Codenamed EA211, this 999cc, threecylinder turbocharged petrol engine is an internationally acclaimed motor known for its healthy amount of performance. It gets direct injection, so it comes with a set of merits, wherein a precise amount of fuel is sprayed into the cylinder directly at pressures as high as 350 bar (very high for a petrol engine), enabling efficient combustion. What’s more is this motor leaves low amounts of residue like CO2 and NOx, making it comply with the most stringent global emission standards of today.
Shared with the Volkswagen Polo and Vento, this 1.0-litre TSI motor makes 110hp and 175Nm of torque; so the Rapid gains 5hp and 22Nm over the previous EA111 1.6-litre petrol engine, thanks to forced induction. The power and torque figures have been reworked for India, compared to the international version’s 115hp/200Nm. However, max torque is available between 1,750-4,000rpm, a much broader spread than the international Rapid’s 2,000-3,500rpm.
999cc, three-cylinder turbo-petrol makes 5hp and 22Nm more than the larger 1.6-litre unit that’s been replaced.
The nice and wide spread of torque is immediately noticeable, as well as the well-judged gear ratios that make it an effortless motor. There is some perceptible lag below 2,000rpm, but get past that and power flows in a strong yet linear manner. And those who enjoy driving will love the engine’s rev-happy character which eggs you to spin it closer to its 6,500rpm rev limiter without feeling strained.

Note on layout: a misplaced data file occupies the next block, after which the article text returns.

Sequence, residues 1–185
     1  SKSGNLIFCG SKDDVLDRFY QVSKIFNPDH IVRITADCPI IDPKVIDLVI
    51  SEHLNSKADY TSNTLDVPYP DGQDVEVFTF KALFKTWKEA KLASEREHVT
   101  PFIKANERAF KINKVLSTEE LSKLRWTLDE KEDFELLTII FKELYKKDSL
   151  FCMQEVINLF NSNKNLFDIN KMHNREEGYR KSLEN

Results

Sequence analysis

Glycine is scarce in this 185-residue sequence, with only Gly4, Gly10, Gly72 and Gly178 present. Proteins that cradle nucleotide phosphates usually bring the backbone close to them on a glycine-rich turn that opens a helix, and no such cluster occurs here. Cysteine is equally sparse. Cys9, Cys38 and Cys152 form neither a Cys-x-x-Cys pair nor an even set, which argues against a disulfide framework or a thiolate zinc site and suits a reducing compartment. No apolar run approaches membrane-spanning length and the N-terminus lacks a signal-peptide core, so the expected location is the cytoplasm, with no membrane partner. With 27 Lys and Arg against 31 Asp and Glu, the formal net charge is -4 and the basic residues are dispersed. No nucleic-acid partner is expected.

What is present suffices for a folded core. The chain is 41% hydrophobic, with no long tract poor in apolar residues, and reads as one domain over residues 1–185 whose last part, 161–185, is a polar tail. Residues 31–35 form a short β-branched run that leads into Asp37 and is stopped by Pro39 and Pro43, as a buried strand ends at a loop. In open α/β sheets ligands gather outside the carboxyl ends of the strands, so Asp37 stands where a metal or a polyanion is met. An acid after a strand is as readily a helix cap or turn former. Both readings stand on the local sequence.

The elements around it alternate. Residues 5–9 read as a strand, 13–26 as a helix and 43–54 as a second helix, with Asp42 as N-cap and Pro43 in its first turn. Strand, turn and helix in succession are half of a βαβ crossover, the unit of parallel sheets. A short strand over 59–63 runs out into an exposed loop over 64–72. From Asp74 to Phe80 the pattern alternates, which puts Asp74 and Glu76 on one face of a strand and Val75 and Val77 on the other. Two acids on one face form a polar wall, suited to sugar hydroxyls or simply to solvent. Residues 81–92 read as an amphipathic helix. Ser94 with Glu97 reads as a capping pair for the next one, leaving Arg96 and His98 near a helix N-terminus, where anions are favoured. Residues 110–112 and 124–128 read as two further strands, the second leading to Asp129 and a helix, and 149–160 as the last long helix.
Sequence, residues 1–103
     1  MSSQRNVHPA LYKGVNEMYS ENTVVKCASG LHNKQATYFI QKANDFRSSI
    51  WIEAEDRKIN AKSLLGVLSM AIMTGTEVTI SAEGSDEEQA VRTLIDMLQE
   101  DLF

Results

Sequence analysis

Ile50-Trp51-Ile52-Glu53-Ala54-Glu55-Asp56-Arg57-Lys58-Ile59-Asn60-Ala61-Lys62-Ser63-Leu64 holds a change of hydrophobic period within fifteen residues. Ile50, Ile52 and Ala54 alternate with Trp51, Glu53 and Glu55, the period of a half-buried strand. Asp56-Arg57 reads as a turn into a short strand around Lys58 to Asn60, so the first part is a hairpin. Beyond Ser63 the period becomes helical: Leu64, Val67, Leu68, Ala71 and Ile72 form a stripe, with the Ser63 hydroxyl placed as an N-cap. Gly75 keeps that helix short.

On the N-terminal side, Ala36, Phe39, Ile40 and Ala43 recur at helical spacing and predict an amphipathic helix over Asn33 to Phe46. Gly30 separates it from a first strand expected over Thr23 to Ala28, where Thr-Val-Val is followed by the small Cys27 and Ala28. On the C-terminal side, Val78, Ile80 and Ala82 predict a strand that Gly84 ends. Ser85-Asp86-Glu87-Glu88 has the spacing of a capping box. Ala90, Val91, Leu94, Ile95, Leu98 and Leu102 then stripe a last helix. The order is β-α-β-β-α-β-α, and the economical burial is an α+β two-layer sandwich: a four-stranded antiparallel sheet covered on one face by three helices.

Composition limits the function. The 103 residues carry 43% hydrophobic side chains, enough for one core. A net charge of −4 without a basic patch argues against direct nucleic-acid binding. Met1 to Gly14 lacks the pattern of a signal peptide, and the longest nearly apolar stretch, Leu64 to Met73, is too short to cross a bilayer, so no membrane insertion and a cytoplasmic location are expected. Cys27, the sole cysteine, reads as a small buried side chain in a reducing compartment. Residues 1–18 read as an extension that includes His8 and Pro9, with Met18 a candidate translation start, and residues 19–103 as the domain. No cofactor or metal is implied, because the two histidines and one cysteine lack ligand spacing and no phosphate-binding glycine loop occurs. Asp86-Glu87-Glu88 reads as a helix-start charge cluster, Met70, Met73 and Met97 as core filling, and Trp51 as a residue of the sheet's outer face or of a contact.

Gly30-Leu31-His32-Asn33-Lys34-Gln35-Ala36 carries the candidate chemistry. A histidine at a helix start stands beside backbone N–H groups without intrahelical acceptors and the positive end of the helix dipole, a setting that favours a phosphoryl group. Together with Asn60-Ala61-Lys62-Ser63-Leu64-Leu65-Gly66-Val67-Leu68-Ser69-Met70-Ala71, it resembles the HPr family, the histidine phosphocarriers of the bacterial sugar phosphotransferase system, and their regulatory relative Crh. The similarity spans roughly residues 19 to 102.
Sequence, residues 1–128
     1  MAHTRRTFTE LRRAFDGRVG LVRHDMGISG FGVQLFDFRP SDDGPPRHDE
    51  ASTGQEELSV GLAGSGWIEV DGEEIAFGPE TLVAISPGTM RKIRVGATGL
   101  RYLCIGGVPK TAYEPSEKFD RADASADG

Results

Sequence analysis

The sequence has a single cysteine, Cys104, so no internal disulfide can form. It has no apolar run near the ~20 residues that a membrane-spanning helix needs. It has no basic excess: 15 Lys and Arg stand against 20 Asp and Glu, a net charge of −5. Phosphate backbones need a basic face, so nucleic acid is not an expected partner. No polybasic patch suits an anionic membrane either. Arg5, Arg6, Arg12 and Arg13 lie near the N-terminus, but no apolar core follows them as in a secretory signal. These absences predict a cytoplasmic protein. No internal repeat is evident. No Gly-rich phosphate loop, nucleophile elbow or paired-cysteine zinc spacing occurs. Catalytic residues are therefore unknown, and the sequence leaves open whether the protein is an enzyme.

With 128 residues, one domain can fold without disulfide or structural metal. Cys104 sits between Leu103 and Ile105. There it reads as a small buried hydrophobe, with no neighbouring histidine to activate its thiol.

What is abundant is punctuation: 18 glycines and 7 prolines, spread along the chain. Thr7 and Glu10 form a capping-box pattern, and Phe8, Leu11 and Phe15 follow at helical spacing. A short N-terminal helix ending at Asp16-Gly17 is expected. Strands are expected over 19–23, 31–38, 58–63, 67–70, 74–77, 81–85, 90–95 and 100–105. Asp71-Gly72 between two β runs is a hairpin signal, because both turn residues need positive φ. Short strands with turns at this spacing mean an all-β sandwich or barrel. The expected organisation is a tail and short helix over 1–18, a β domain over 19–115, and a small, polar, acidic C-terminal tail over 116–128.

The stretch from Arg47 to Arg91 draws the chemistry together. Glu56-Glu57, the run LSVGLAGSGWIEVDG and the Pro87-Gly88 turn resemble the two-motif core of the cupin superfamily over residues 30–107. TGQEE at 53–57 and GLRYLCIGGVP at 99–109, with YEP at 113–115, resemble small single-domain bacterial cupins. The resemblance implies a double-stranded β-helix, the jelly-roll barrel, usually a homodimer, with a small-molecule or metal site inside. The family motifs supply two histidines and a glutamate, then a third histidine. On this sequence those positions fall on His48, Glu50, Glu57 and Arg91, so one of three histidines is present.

Get caught off-boost and you will have to downshift to bypass the turbo lag and get moving again. Consider acceleration from 30-60kph in third or 50-80kph in fourth gear, simulating scenarios of closing a traffic gap or making a quick overtake, and the little TSI sprints in a respectable 5.35sec and 6.60sec, which is much quicker than the new-generation Honda City (6.43sec and 8.80sec) and the Maruti Ciaz (5.26sec and 7.60sec), both of which are powered by larger 1.5-litre petrol engines. On-tap responses, or that initial bit of response at lower RPMs of large displacement engines still remains unbeaten by this smaller capacity turbo unit, but get past that slight initial delay, and this force-fed motor comes into its own due to its torquier character.
New 6-speed manual smooth and light to operate, but can be a touch notchy.
Where this small-capacity engine really shines is in outright performance. Outrunning the new-gen Honda City by 1.6sec in the sprint to 160kph, and the TSI will even go on to max out at a top speed of 195kph, living up to its Rapid name.
This engine is largely refined, and it is only at idle that you feel mild vibrations as it rocks on its mounts. Sound insulation is terrific, and it masks speeds like a much more expensive car. It does get thrummy at higher revs – a typical three-cylinder characteristic – but it is never too loud or intrusive.
The 6-speed manual is light to use, although it can feel a bit notchy at times, and while the clutch is light, its travel is a bit long. So, overall, it isn’t as easy to drive as its Japanese or Korean rivals.